With much of the UK experiencing unusually hot and humid weather, the NHS has issued a ‘Level 3 Heatwave Action’ warning which is expected to remain in force until Thursday.
While most of us welcome hotter weather, it can pose some health risks, particularly for more vulnerable groups such as the elderly, those with existing medical conditions which could be exacerbated by hot weather, and the very young.
Just as with very cold weather, a heatwave needs to be treated with caution, especially if you are in one of the “at risk” groups, so it's a good time to look at some tips for coping with hot weather.
The main problems associated with a heatwave are dehydration, overheating, and heat exhaustion/heatstroke. Dehydration is simply not having enough water in your system and can be easily avoided by making sure you have plenty of water to drink. Overheating can worsen symptoms for people who already have breathing difficulties or heart problems.
The most serious conditions are heat exhaustion and heatstroke. The first is where you become very hot and start to lose water or salt from your body, which can lead to feeling dizzy, nauseous, very sweaty and thirsty and generally unwell. If heat exhaustion isn't spotted and treated it can lead to more serious heatstroke, where the body can no longer cool itself and your temperature becomes dangerously high, putting a strain on the heart and other vital organs.
Heatstroke is rare and both these conditions are more likely to affect people who are physically active in heatwave conditions, such as labourers or people doing sports activities. As with all medical conditions, prevention is better than cure and there are plenty of simple things to do to make sure you stay safe and well in a heatwave.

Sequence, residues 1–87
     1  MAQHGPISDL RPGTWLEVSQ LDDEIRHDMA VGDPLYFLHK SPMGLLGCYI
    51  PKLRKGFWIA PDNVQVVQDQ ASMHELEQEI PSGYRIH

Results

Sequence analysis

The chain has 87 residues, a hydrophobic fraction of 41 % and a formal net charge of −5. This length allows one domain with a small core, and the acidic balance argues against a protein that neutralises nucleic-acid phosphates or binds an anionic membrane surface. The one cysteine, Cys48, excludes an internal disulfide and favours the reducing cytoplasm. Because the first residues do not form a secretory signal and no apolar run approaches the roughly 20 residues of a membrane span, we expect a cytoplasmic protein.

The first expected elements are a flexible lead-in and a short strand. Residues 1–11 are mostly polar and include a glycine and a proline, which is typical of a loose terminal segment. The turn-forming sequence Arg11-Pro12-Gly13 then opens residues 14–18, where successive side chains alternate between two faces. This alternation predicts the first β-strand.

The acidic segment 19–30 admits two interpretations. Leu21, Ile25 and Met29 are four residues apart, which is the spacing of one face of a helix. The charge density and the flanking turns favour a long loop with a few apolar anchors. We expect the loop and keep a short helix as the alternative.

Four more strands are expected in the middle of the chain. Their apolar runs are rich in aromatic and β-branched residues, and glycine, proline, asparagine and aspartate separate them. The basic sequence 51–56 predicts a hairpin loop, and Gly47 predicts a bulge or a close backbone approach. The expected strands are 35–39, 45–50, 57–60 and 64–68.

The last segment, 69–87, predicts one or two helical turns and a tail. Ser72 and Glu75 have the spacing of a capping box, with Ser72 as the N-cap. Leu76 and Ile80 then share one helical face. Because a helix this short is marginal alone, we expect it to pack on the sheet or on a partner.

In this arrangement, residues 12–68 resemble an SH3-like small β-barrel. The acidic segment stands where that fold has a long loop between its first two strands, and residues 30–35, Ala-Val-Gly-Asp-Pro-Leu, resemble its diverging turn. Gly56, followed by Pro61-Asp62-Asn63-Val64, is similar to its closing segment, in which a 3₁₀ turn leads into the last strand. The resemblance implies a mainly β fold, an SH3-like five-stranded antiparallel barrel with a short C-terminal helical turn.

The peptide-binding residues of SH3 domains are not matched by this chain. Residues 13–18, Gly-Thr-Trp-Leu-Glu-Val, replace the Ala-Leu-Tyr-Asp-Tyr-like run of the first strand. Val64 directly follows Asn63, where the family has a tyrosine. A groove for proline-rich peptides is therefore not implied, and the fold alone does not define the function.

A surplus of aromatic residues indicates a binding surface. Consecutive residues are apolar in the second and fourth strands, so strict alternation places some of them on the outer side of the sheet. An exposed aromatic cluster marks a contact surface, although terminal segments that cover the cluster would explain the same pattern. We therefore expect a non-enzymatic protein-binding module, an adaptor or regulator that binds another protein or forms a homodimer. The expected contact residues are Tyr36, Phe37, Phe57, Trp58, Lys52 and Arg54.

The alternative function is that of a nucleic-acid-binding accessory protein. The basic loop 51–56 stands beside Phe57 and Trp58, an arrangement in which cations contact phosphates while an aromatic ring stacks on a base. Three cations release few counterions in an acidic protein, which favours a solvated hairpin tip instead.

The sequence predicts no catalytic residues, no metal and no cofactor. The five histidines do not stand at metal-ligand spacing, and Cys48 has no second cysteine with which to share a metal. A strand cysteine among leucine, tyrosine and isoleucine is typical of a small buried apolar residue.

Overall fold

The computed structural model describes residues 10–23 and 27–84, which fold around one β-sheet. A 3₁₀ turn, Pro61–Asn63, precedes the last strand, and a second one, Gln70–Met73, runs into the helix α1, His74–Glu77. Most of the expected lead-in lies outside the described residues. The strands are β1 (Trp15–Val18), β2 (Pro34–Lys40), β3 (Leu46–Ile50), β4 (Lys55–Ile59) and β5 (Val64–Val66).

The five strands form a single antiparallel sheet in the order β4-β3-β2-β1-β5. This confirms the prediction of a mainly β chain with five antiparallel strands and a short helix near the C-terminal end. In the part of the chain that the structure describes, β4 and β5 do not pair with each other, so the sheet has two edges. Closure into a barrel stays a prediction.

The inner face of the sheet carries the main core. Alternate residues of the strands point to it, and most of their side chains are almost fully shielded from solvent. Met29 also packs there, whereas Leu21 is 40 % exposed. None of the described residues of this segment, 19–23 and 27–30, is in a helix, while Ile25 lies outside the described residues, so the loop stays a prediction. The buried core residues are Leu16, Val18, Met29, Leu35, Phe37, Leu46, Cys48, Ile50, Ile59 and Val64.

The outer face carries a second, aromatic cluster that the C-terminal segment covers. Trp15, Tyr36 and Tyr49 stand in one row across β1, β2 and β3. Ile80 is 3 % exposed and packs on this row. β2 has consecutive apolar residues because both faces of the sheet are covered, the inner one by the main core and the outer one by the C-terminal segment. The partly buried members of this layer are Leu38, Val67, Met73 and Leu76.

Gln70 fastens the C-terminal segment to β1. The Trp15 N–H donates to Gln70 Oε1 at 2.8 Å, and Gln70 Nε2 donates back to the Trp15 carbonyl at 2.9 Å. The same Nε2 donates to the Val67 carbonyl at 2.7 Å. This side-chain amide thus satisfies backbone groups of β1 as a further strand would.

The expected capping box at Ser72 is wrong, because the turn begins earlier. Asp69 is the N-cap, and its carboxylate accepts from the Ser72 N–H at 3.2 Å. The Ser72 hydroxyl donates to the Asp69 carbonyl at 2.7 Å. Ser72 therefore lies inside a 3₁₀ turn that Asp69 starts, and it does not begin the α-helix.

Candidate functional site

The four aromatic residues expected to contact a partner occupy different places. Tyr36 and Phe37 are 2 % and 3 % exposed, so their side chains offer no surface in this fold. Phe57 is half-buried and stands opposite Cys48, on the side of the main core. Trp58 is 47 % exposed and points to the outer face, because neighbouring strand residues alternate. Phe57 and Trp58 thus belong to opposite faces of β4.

Listed below are some top tips from the NHS Choices website, which also has more detailed information on the groups most at risk during a heatwave:
- Stay tuned to the local weather forecast for your area so you can plan ahead if a heatwave is likely.
- If you're planning to travel, check the forecast for your destination and be prepared for the weather there.
- If there's a heatwave where you live, close the windows and pull down the shades when it's hotter outside. You can open the windows for ventilation once it turns cooler outside.
- Avoid the heat by staying out of the sun and not going out between 11am and 3pm – the hottest part of the day – if you're vulnerable to the effects of heat.
- Keep rooms cool by using shades or reflective material outside the windows. If this isn't possible, use light-coloured curtains and keep them closed (metallic blinds and dark curtains can make the room hotter.
- Have cool baths or showers, or splash yourself with cool water.
- Drink cold drinks regularly, such as water and diluted fruit juice. Avoid excess alcohol, caffeine (tea, coffee and cola) or drinks high in sugar.
- Plan ahead to make sure you have enough supplies, such as food, water and any medications you need.
- Identify the coolest room in the house so you know where to go to keep cool.
- Wear loose, cool clothing, and a hat and sunglasses if you go outdoors.
- Check up on friends, relatives and neighbours who may be less able to look after themselves.
For more information about keeping cool at home, click here for a useful "Beat the heat" checklist from Public Health England.